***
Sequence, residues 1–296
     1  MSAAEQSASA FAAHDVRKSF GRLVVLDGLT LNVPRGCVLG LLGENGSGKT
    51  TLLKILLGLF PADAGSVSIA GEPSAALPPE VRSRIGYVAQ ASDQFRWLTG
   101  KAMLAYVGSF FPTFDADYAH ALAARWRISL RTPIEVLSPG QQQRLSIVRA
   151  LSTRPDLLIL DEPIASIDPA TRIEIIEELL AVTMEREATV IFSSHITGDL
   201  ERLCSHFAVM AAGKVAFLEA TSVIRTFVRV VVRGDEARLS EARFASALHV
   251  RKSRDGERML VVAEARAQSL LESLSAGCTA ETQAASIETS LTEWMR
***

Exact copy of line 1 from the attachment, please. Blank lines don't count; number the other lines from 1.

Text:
Sequence, residues 1–296